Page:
from the European Archives of Oto-Rhino-Laryngology

Therapy of Unilateral Vocal Fold Paralysis With Polydimethylsiloxane Injection Laryngoplasty: Our Experience

The objective of this study was to document functional results and to compare objective and subjective voice measures after endoscopic laryngoplasty with injection of polydimethylsiloxane (PDMS) for the treatment of unilateral vocal fold paralysis, and to verify PDMS biocompatibility in vocal fold. The design used was a longitudinal prospective study. Fifteen patients with unilateral vocal fold paralysis underwent endoscopic injection of PDMS in general anesthesia. Accurate voice evaluation protocol (acoustic and aerodynamics analyses, GIRBAS [Grade, Instability, Roughness, Breathiness, Asthenia, and Strain] scale, videostrobolaryngoscopy, and Voice Handicap Index test) before, after surgery, and at follow-up time was performed. The median follow-up was 21.7 months (range, 6–35). Data obtained were statistically significant. All acoustic, aerodynamics, perceptive, and subjective evaluations showed a significant improvement. No complications due to PDMS were reported. Functional results were found comparable to framework surgery. Endoscopic injection laryngoplasty with PDMS is a safe and long-term option for treatment of unilateral vocal fold paralysis.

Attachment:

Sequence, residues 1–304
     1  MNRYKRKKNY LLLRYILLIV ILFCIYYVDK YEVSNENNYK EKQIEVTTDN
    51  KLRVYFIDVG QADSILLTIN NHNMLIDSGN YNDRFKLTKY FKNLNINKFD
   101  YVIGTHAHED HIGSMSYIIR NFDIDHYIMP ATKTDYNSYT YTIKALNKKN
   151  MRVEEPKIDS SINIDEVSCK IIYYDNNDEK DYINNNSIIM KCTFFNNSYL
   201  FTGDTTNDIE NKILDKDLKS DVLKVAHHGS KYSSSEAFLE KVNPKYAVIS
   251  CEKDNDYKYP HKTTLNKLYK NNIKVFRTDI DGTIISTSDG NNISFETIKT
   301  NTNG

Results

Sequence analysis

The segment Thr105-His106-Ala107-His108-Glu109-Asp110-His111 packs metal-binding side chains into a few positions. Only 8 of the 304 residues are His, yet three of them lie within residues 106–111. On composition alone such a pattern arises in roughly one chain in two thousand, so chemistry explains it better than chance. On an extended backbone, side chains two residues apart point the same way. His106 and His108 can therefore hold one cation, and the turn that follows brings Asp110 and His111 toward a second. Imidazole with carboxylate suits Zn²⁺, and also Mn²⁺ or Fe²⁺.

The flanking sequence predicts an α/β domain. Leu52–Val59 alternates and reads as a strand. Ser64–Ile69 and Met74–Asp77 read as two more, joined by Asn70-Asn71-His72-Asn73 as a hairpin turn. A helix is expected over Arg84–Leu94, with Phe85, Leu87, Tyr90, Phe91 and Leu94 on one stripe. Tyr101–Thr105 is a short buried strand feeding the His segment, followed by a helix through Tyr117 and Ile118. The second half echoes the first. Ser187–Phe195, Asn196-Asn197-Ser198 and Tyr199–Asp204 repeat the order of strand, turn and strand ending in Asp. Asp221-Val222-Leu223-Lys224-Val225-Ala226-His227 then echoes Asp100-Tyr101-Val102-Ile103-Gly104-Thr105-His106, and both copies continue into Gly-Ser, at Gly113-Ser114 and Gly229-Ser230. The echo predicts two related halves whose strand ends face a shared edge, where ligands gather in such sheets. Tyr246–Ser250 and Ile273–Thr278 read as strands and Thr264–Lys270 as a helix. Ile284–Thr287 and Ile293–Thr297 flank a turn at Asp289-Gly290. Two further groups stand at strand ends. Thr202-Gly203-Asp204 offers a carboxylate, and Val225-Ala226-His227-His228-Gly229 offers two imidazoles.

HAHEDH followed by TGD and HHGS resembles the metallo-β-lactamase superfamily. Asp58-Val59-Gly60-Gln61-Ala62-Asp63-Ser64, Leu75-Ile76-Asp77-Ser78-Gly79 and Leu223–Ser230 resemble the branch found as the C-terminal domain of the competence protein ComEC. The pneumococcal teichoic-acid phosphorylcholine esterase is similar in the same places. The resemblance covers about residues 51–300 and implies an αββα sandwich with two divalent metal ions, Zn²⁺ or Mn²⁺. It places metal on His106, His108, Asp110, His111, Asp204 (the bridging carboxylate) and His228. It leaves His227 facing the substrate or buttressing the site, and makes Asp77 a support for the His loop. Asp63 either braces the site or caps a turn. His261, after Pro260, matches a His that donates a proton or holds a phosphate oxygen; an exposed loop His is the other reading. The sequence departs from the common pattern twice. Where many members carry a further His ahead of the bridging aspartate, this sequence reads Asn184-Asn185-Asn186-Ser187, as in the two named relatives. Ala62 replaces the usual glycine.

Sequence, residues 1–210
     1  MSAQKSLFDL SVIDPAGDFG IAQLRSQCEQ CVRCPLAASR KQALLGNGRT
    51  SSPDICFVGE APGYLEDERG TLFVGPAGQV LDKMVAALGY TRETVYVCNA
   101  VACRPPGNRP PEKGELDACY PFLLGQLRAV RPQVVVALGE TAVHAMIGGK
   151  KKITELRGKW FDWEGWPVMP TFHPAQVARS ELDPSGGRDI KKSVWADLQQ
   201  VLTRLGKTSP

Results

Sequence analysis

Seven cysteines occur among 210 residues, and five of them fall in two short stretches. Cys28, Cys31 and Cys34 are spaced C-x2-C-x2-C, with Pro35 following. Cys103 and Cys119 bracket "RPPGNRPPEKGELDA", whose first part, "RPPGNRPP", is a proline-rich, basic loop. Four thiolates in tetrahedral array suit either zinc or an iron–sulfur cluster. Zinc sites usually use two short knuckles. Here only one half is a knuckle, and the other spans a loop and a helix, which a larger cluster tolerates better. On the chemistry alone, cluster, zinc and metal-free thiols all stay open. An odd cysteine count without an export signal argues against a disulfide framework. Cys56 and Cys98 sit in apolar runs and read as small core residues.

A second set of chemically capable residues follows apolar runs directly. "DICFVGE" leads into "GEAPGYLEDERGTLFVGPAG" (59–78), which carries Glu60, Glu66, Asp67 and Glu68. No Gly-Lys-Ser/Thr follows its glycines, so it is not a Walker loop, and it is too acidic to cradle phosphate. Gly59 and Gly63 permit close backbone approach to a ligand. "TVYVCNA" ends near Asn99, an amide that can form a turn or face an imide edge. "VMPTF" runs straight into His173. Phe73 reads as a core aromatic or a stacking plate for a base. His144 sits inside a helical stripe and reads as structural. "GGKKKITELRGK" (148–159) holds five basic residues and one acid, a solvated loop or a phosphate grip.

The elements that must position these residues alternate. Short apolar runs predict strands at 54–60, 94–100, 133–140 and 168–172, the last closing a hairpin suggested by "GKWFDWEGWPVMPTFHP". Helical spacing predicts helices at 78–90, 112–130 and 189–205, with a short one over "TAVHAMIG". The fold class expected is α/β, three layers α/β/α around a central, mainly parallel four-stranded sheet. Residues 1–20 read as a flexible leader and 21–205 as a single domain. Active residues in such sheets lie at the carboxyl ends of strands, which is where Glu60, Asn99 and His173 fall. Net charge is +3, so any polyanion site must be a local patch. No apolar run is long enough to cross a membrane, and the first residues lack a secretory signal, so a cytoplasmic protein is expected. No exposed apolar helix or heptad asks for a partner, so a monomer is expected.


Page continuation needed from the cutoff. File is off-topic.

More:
from the Journal of Voice

Laryngeal Electromyography: Clinical Application

Laryngeal electromyography (LEMG) is a valuable adjunct in clinical management of patients with voice disorders. LEMG is valuable in differentiating vocal fold paresis/paralysis from cricoarytenoid joint fixation. Our data indicate that visual assessment alone is inadequate to diagnose neuromuscular dysfunction in the larynx and that diagnoses based on vocal dynamics assessment and strobovideolaryngoscopy are wrong in nearly one-third of cases, based on LEMG results. LEMG has also proven valuable in diagnosing neuromuscular dysfunction in some dysphonic patients with no obvious vocal fold movement abnormalities observed during strobovideolaryngoscopy. Review of 751 patients suggests that there is a correlation between the severity of paresis and treatment required to achieve satisfactory outcomes; that is, LEMG allows us to predict whether patients will probably require therapy alone or therapy combined with surgery. Additional evidence-based research should be encouraged to evaluate efficacy further.

from the Journal of Voice